NCAA Tournament 2017: Oregon makes Final Four for first time in 78 years

#NCAA #jordanbell It hasn’t been back to the Final Four since. Until now. Seventy-eight years between, but Oregon is back to college hoops’ ultimate stage. The Pacific Northwest has done the unprecedented, sending two teams from the region to the Final Four in the same year.

The third-seeded Ducks effectively won a road game in the Elite Eight on Saturday night, pulling off a sizable stunner, knocking off No. 1 Kansas in Kansas City. This is a Jayhawks team that looked better through the first three rounds of the bracket than any other team in the field.

After cracking 90 points against their first three opponents, the Jayhawks couldn’t even score two-thirds of that, losing 74-60 in Kansas City. It was KU’s lowest-scoring and least efficient game of the season.

The Ducks are Phoenix-bound because of two players —Jordan Bell and Tyler Dorsey. Both have been monstrous in this tournament. Bell with defense, Dorsey with spirit-vanquishing 3-pointers. Dorsey had six of them against KU, finishing with 27 points. His 3 from the top of the key with 1:55 left in a six-point game (Jayhawks threatening to come back from an 18-point deficit) was a knife to the kidney. Dorsey’s averaging 25 points per game in this tournament.

Bell had 13 rebounds, 11 points and set a program record with eight blocks in a tournament game. KU has thrived on the comeback victory this season, pulling off some remarkable turnarounds, but Bell scared the Jayhawks into bad shots all night long. Oregon’s length and size won the day, but shooting 60 percent in the first half, getting an 11-point lead at the break, allowed the Ducks to have enough to hold of KU.

Hard to say who was better over the past four games for this team. Dorsey and Bell should be co-MOPs.

Oregon’s flight to Phoenix is worth a long discussion. The five-loss Ducks dropped to the No. 3 line on Selection Sunday after falling in the Pac-12 title game to Arizona, this after losing starting big man Chris Boucher for the season to a knee injury. This led many people (including yours truly) to pick Oregon as a chic upset victim in the second round to Rhode Island.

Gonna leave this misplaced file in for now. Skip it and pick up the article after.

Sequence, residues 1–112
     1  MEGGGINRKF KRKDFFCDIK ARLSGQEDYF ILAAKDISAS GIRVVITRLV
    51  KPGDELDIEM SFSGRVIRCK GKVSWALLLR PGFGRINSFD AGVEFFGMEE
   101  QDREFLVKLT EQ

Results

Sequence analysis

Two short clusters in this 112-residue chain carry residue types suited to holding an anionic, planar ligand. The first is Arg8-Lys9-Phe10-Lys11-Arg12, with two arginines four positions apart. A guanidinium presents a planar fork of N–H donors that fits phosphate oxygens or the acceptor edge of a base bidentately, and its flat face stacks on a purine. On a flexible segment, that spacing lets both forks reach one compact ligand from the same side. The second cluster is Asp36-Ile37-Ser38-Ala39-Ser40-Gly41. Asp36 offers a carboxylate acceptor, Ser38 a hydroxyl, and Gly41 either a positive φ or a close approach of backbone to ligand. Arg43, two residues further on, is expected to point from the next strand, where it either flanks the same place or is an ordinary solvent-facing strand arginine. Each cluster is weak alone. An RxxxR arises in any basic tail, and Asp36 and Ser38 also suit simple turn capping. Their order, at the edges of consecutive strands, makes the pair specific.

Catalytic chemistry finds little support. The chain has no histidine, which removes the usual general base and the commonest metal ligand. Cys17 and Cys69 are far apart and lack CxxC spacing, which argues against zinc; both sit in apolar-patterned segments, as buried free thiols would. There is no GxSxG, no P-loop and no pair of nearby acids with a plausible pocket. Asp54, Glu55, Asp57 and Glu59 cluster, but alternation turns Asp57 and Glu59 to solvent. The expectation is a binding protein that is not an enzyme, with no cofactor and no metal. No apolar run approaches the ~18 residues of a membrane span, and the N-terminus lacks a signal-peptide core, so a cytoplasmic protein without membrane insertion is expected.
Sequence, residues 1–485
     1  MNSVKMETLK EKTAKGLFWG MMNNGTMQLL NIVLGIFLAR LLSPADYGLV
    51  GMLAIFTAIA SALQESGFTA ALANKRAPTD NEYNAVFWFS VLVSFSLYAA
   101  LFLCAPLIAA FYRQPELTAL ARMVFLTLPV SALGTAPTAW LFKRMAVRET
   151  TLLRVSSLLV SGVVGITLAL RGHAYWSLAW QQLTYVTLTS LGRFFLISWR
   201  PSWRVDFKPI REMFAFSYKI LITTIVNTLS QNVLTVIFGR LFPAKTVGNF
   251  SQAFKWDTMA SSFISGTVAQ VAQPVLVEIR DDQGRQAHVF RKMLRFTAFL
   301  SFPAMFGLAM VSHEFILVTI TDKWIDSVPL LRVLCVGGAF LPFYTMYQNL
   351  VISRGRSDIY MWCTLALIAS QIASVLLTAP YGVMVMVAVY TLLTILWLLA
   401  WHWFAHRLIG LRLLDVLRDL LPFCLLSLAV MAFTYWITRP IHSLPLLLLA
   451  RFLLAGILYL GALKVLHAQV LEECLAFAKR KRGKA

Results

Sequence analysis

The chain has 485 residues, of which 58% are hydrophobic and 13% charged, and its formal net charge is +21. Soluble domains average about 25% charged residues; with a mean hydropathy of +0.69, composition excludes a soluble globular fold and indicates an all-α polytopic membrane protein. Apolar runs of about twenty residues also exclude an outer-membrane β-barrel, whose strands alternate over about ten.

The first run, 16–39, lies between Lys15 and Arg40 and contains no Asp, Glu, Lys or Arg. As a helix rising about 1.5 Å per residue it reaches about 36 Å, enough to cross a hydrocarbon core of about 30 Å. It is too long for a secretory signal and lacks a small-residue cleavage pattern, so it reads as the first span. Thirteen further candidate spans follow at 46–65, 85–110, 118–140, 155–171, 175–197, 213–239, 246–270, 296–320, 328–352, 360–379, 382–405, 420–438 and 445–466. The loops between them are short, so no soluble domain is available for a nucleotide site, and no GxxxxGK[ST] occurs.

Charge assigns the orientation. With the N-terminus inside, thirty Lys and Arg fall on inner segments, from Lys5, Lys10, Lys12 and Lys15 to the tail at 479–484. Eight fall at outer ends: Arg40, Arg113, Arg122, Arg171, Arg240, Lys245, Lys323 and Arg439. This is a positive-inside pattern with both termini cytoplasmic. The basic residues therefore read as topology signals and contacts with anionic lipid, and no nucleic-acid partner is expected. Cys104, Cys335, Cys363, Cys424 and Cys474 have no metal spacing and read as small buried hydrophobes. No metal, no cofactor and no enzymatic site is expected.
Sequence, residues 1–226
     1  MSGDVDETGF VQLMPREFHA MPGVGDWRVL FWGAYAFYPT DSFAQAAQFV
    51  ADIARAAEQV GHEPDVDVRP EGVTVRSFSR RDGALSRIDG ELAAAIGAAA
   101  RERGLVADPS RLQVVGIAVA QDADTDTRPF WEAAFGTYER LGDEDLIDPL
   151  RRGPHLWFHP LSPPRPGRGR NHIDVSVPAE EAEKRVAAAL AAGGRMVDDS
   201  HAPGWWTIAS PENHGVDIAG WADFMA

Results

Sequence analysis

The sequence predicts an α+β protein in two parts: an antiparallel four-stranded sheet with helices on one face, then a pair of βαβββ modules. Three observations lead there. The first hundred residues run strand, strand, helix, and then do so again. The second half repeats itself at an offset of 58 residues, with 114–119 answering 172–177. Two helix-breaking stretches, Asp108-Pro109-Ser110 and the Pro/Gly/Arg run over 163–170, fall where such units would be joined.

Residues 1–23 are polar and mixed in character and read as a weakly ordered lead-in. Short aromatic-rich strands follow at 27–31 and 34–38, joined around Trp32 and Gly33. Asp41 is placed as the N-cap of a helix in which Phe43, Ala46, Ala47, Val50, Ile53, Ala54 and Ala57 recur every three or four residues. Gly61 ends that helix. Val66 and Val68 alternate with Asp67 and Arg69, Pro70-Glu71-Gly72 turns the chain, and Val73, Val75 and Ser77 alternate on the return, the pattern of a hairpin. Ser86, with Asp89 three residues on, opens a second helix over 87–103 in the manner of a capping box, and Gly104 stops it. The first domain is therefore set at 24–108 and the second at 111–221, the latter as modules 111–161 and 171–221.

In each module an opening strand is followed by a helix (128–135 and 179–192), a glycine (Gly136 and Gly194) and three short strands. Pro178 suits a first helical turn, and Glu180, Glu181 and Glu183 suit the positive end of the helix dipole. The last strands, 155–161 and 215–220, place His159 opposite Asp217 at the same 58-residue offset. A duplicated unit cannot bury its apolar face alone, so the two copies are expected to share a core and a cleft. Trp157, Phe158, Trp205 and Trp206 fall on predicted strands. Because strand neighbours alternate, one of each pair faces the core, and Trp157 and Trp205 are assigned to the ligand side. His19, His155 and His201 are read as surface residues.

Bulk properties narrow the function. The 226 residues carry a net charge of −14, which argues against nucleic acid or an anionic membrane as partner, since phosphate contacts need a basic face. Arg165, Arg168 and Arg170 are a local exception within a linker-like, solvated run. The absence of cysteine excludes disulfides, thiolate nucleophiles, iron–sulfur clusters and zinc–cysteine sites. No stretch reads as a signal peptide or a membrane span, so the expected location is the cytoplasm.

And then that almost happened. URI should have defeated Oregon, but the Ducks rallied from a double-digit second-half deficit to win 75-72 thanks to a shot in the closing seconds from — who else? — Dorsey.

Then Oregon was a betting underdog to red-hot Michigan, the darling story of the first weekend of the tournament. And the Ducks could well have lost that game, but they didn’t because Derrick Walton Jr.’s clean look at a 3-pointer in the closing seconds didn’t fall.

Against Kansas, there wasn’t much room for doubt. Oregon’s been a borderline top 10 team all season, but due to the health of Dillon Brooks (foot injury) and the weakness of the Pac-12, we weren’t quite sure how good O was.

Another fascinating factor: Oregon’s in the Final Four despite Brooks being merely OK. He was the Pac-12 Player of the Year, yet the third most important player the past two weeks. Shows you how good this Ducks starting five is.

Source : cbssports

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